The omega loop gastric bypass

The omega loop gastric bypass has a long narrow gastric pouch, which is connected to the jejunum and bypasses the proximal two meters of the small bowel.


Omega Loop Gastric Bypass

Omega loop gastric bypass: The postoperative food pathway is indicated as red dots and the pathway of the digestive juices (from pancreas, biliary and remnant stomach) are shown as green dots.   


After this operation, the oral intake (red dots) passes through the small gastric pouch and the anastomosis and enters the small bowel where the food mixes with the digestive juices from the pancreas, bile system and remnant stomach (green dots). Two important effects have been achieved: Firstly, the absorptive length of the small bowel is shortened. This causes a gentle malabsorption effect, adding an additional tool to losing weight in combination with the small gastric pouch. The second effect is the up-regulation of the hormones GLP1 and PYY caused by the distal entry of the nutrients into the small bowel. It is also presumed that the bypassed remnant stomach releases less of the hunger-hormone ghrelin.

Long term analysis shows that the omega loop gastric bypass is able to maintain excellent glycaemic control even beyond five years of the operation. The chance to remain off insulin is very high and only 16% require oral treatment. In comparison, patients five years after a sleeve gastrectomy, 62% are on oral diabetes medication and 8% require insulin. It has been shown that the gastric sleeve can be slowly “trained up” by ongoing or re-establishing wrong eating-habits (chronic over eating). Over the years the sleeve slowly dilates, the patient starts gaining weight and insulin resistance reoccurs.

An omega loop bypass is very effective in hyperglycaemia and established type 2 diabetes and also addresses obesity related comorbidities. Hypertension, hyperlipidaemia and sleep apnoea resolve in 90% of patients and osteoarthritis in more than 70%. This procedure may also help patients who have had poor results after a gastric band or sleeve gastrectomy to re-establish weight loss in the long term.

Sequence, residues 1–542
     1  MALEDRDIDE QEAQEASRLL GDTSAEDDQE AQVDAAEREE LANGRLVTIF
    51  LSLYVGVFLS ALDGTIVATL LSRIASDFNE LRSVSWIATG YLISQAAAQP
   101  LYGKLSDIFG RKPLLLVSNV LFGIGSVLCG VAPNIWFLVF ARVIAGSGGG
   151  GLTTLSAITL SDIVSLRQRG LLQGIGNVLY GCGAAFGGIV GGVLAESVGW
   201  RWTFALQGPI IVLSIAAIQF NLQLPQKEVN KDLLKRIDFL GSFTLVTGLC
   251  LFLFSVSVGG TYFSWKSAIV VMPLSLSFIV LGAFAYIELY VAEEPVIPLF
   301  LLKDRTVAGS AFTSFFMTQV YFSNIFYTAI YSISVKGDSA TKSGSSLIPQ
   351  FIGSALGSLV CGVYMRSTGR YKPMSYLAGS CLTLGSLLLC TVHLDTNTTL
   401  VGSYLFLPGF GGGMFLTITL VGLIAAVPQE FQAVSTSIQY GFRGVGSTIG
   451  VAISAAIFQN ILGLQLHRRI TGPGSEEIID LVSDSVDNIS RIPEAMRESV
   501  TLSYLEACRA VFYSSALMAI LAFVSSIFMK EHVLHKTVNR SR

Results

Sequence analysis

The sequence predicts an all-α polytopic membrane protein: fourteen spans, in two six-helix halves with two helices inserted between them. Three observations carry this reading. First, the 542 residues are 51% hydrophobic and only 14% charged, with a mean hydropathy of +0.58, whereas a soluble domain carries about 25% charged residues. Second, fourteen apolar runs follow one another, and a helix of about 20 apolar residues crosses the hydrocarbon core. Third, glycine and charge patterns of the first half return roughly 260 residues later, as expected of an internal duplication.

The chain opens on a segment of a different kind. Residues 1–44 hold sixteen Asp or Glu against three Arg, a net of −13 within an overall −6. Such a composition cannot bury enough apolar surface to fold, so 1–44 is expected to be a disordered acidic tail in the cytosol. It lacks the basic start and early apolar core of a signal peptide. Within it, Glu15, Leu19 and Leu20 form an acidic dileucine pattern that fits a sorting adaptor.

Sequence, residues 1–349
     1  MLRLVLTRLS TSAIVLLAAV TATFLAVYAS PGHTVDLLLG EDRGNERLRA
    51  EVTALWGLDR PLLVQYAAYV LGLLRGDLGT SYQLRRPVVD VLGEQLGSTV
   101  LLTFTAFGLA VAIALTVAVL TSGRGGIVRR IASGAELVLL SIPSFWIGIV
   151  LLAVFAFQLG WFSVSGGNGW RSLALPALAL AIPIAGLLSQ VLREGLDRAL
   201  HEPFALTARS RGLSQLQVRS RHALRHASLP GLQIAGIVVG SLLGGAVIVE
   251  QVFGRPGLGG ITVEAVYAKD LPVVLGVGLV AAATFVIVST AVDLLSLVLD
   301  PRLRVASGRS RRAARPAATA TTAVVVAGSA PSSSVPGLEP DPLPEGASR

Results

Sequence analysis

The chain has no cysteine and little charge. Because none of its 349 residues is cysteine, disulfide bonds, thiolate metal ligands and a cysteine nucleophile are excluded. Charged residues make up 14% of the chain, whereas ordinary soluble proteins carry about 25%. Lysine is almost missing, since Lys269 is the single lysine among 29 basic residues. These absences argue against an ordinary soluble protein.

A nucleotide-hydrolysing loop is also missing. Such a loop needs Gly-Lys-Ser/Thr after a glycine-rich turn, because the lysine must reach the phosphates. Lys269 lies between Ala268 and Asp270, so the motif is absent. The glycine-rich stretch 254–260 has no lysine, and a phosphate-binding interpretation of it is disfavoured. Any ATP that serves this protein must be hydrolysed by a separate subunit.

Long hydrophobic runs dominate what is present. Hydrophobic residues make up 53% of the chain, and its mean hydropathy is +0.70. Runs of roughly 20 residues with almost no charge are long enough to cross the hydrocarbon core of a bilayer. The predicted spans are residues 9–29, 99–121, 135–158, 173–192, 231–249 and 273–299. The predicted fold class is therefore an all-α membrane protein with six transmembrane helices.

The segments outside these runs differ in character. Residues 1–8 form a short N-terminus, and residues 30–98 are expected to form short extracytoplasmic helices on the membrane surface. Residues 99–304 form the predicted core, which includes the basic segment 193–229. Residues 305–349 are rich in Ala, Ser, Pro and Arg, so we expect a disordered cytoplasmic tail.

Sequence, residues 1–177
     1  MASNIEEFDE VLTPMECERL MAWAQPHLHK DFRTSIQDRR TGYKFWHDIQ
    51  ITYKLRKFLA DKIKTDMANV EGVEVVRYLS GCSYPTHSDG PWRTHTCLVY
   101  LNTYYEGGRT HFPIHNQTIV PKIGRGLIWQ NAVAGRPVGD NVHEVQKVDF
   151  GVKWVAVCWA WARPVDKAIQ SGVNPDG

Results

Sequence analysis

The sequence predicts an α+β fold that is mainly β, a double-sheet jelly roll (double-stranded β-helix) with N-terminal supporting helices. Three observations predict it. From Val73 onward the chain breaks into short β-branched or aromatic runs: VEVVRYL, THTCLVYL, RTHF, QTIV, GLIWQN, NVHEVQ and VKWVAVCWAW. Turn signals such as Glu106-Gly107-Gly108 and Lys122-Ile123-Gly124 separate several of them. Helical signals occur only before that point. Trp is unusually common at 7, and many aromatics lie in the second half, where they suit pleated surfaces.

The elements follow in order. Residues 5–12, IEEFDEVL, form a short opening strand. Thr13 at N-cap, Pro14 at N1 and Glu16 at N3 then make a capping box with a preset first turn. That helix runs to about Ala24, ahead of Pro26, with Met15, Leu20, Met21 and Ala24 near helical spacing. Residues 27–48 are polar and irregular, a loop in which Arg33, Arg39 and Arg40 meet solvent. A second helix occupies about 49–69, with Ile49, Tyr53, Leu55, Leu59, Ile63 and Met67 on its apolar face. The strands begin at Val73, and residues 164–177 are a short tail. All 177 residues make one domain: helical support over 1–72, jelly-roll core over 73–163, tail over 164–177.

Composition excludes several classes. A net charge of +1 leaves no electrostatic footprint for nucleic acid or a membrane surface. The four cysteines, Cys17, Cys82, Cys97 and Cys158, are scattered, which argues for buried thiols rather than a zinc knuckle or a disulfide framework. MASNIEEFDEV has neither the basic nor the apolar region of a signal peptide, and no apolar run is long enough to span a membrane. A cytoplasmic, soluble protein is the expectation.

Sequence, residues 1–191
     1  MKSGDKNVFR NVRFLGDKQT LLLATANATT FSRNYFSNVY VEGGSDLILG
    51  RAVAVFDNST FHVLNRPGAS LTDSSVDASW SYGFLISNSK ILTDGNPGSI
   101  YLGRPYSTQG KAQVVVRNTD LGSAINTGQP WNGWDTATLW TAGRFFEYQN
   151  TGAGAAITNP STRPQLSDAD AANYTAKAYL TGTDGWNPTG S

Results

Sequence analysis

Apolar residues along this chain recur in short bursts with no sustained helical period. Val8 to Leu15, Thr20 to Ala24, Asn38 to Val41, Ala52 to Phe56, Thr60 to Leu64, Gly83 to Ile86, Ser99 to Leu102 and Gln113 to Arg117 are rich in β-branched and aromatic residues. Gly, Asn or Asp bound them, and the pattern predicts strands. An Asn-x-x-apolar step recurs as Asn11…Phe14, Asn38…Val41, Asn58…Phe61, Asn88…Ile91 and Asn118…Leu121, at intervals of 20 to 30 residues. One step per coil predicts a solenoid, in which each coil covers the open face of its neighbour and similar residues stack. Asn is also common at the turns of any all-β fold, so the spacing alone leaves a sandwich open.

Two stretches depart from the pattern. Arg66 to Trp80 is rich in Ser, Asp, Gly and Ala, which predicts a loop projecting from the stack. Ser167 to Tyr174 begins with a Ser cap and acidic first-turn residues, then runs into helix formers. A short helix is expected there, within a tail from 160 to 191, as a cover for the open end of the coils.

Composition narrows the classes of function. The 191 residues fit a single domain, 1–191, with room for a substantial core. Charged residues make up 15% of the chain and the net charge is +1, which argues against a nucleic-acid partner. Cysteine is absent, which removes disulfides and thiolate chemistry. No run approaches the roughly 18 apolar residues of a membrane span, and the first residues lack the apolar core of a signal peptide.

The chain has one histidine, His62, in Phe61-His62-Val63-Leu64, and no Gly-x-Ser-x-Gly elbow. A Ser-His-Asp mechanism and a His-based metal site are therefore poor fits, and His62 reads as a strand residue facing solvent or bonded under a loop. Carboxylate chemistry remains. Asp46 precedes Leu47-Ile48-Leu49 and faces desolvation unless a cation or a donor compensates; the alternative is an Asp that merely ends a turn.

Some concerns have been raised that the malabsorptive component of a gastric bypass can cause vitamin or micro-nutrients deficiencies. All patients undergoing bariatric surgery should be investigated for pre-existing nutritional deficiencies before their procedure. This allows them to be treated in a timely manner. During the operation the length of the remaining “absorbing” small bowel in between anastomosis and caecum should be measured and be at least 3.5 meters. Daily multivitamin tablets after surgery help to prevent deficiencies. Further, a holistic treatment approach involving an experienced dietitian and a psychologist in the evaluation and postoperative management has shown superior long term outcome. However, patients should also be encouraged for a regular follow up with their GP or specialist where issues can be addressed early. Symptomatic deficiencies after an omega loop bypass are very rare and if necessary the operation can be reversed leaving a normal stomach and bowel anatomy.

The omega loop gastric bypass is an interesting treatment option for surgically fit people to cure their type 2 diabetes. Especially with its ability to activate specific gut hormones without relying only on a restricted oral intake, and in combination with a low complication rate. In conjunction with the resolving obesity related comorbidities this operation is able to maintain a good and healthy quality of life in the long term.